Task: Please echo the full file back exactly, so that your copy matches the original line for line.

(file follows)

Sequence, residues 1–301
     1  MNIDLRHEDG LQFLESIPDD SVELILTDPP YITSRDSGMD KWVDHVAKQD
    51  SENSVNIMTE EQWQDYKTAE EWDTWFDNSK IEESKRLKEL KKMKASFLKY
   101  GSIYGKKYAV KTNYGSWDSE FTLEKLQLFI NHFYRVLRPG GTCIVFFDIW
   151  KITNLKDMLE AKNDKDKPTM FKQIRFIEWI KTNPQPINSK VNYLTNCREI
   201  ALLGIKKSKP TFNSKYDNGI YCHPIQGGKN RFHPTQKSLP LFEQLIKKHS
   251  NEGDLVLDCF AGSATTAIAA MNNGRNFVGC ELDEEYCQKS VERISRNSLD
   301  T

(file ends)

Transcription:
Sequence, residues 1–301
     1  MNIDLRHEDG LQFLESIPDD SVELILTDPP YITSRDSGMD KWVDHVAKQD
    51  SENSVNIMTE EQWQDYKTAE EWDTWFDNSK IEESKRLKEL KKMKASFLKY
   101  GSIYGKKYAV KTNYGSWDSE FTLEKLQLFI NHFYRVLRPG GTCIVFFDIW
   151  KITNLKDMLE AKNDKDKPTM FKQIRFIEWI KTNPQPINSK VNYLTNCREI
   201  ALLGIKKSKP TFNSKYDNGI YCHPIQGGKN RFHPTQKSLP LFEQLIKKHS
   251  NEGDLVLDCF AGSATTAIAA MNNGRNFVGC ELDEEYCQKS VERISRNSLD
   301  T